Smart city blues – 5 reasons why many cities are (still) not smart

28. June 2017

For politicians, companies and town planners who are actively involved in transforming their own cities, it is essential to engage the people who actually live (or want to live) in their city. Just being a smart city is not sufficient to achieve sustainable improvements in the urban environment.

Berlin – sexy but smart?

Let’s look at the example of Berlin. In 2015, the “Smart City Berlin” strategy paper was published. This was intended to act as the basis for initiating projects on innovative topics within Berlin’s infrastructure.

After more than a year, a certain disillusionment prevailed. It wasn’t that nothing had happened, as 40 projects had been implemented in conjunction with 20 partners – eight times as many as in Hamburg in the same time period. Nevertheless, the verdict of companies in Berlin was hardly positive. 51 per cent of 121 experts surveyed in a study by VBKI rated the ACTUAL state of Berlin as a smart city as grade 4 (not sufficient) or below. What is it about smart city initiatives – not just in Berlin – that makes them so difficult?

Lack of infrastructure

Firstly, there is the question of which conditions actually need to be in place to provide the right breeding ground for a smart city.

In 2015, around 25 projects were envisaged within the Smart City Berlin strategy which actually have links in term of content, but which were implemented completely separately from each other in terms of structure. The projects “One Stop City” for bundling together bureaucracy, the my Berlin portal for submitting proposals and the “Public Order Office Online” complaints management tool are, in their own right, very useful and helpful initiatives which also make Berlin a bit more digital and thus also smarter. But their full value has not been realised from the user’s perspective. An involved Berlin resident often doesn’t know straight away where he or she should turn to about which problem.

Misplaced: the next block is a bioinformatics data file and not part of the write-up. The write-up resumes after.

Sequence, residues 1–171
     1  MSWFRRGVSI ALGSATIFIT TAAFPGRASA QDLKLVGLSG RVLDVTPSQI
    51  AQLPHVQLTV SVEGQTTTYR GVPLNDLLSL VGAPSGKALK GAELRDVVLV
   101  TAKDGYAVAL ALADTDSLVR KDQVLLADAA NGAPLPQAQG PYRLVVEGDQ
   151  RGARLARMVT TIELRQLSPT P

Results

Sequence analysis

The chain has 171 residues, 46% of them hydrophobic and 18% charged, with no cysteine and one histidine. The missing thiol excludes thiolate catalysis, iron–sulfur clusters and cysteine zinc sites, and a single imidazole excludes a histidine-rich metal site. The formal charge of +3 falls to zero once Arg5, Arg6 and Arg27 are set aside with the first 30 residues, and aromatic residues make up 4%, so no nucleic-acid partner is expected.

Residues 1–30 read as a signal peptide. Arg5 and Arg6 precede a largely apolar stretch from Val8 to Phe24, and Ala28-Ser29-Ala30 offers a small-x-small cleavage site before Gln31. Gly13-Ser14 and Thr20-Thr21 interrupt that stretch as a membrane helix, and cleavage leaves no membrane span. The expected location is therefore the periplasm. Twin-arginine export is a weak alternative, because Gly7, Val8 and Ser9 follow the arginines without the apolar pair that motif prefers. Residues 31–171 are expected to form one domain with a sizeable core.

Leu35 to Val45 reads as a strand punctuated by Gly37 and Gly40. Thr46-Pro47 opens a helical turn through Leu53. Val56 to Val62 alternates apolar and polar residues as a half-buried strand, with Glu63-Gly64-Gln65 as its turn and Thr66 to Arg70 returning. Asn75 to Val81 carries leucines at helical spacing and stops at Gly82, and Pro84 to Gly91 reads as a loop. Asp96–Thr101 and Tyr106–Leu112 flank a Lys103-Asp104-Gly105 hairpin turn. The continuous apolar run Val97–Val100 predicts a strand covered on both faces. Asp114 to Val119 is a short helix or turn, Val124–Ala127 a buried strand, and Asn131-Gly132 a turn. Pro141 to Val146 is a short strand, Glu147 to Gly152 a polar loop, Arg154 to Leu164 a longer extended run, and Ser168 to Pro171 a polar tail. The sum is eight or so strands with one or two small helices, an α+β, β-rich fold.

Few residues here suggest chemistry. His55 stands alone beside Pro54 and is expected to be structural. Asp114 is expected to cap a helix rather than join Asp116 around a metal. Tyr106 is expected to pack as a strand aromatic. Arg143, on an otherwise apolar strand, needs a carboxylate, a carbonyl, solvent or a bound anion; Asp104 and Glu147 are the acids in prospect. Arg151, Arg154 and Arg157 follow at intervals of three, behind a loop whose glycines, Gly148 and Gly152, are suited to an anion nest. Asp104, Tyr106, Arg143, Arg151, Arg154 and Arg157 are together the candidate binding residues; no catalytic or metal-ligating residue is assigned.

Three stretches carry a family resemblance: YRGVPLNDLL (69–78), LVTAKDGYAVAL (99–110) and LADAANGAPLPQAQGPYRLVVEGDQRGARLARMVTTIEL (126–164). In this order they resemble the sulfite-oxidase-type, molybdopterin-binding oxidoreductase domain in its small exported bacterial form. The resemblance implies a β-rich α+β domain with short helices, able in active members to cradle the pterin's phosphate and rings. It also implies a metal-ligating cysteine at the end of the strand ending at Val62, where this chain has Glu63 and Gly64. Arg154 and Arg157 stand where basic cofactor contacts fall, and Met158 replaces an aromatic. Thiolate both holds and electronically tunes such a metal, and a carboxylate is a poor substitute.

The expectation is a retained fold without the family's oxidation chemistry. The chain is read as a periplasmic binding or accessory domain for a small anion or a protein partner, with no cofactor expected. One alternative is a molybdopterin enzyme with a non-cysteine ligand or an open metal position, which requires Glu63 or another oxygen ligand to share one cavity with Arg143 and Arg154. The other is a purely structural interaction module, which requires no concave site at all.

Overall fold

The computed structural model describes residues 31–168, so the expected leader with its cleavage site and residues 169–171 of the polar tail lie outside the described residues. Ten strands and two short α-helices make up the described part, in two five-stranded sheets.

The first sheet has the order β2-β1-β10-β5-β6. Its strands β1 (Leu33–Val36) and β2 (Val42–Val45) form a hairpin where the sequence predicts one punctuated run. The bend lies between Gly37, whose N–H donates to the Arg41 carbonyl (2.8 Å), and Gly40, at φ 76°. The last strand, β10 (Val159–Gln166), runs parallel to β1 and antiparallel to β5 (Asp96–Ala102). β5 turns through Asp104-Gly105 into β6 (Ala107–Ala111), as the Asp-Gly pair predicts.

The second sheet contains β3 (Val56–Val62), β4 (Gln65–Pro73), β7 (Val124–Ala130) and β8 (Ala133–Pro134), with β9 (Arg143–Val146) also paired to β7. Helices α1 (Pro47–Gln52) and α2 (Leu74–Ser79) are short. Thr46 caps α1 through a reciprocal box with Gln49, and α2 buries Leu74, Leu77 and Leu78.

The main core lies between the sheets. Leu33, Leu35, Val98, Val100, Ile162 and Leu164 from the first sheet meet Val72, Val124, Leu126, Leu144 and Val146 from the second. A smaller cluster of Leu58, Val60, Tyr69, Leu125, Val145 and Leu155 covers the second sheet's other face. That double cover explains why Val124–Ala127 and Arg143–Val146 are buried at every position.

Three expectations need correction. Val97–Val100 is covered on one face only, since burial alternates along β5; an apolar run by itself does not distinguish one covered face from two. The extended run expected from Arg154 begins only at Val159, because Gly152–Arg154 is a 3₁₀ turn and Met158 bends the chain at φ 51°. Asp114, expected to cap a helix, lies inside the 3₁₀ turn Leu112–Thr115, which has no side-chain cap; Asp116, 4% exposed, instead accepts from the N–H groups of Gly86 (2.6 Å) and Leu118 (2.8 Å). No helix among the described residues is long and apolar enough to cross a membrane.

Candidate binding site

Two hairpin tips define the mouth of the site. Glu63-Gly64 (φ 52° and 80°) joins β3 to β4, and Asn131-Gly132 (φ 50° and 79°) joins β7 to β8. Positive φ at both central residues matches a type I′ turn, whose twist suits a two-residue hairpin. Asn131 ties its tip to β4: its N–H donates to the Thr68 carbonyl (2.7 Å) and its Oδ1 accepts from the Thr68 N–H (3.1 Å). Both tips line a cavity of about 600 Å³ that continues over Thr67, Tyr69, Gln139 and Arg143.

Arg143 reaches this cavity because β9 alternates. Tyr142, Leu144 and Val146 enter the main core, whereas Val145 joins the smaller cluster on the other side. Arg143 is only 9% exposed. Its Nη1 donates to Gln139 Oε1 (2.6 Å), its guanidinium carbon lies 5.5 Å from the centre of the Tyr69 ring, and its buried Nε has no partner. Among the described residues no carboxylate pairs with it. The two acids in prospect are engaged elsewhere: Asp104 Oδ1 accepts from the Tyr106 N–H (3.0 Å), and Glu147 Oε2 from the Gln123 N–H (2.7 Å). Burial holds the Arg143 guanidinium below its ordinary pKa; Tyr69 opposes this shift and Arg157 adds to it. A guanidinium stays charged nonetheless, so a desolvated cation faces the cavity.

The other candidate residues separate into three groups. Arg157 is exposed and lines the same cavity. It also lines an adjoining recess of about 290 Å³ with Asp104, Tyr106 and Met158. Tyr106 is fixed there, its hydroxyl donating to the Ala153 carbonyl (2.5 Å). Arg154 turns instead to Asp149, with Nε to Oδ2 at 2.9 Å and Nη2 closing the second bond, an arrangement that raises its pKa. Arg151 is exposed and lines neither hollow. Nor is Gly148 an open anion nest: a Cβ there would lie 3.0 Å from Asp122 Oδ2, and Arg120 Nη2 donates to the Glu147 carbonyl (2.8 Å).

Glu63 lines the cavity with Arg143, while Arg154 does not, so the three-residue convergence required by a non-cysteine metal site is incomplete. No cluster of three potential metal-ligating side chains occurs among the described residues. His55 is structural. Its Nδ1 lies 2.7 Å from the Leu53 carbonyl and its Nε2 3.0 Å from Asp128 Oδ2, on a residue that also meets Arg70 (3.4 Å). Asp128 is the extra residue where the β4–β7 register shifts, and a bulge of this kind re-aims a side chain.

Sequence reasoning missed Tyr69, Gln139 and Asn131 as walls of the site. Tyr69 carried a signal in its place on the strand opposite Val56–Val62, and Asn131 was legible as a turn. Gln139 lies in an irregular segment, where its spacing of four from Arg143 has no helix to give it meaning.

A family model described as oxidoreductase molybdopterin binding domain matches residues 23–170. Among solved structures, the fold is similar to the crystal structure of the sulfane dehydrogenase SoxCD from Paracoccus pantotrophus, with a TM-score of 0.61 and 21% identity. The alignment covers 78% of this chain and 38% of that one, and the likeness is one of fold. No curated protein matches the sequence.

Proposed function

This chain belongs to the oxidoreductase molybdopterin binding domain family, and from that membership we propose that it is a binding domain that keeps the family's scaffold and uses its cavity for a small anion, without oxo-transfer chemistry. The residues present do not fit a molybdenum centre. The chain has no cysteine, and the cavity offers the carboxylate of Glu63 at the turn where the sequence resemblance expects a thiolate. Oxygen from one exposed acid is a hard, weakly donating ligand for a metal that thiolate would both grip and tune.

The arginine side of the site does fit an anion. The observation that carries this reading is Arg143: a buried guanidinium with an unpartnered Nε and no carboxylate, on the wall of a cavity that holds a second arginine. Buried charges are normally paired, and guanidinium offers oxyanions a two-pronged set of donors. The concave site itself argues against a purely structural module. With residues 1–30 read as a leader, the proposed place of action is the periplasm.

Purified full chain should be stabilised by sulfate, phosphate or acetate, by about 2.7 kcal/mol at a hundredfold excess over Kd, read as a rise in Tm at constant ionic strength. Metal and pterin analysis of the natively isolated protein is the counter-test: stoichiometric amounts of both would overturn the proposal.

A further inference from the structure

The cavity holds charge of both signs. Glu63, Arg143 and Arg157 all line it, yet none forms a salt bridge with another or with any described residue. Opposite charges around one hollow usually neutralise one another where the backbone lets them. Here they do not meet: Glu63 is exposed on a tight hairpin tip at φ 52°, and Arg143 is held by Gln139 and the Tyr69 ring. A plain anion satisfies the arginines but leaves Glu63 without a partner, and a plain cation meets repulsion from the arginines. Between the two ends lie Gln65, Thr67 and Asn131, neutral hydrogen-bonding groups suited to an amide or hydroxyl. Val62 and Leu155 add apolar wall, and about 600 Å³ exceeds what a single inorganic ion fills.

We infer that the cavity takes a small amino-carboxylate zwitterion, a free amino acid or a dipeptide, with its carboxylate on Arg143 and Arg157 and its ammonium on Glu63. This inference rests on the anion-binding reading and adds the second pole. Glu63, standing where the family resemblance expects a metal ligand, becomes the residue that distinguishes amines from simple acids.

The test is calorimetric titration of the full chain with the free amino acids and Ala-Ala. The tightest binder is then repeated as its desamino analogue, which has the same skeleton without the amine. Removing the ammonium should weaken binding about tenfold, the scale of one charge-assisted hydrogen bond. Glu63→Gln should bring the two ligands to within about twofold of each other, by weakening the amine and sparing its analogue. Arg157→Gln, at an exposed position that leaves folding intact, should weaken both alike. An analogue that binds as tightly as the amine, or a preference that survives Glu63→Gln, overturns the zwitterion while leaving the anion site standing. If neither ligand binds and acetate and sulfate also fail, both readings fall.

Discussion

A worthwhile aim would therefore be to offer a central contact point for citizens, municipalities and companies where all data and information is gathered together and can be retrieved. This would not mean that each individual use case would have to be covered within a single oversize software solution. Quite the reverse. Numerous small applications could be developed by a range of providers to meet specific user needs and made available via an open platform.

Lack of finance

It’s no surprise that a central problem is, unfortunately, finance. Berlin’s total debt is currently EUR 60 billion, putting the city at the top of the ranking of German cities. However, that doesn’t mean that things look better in other cities.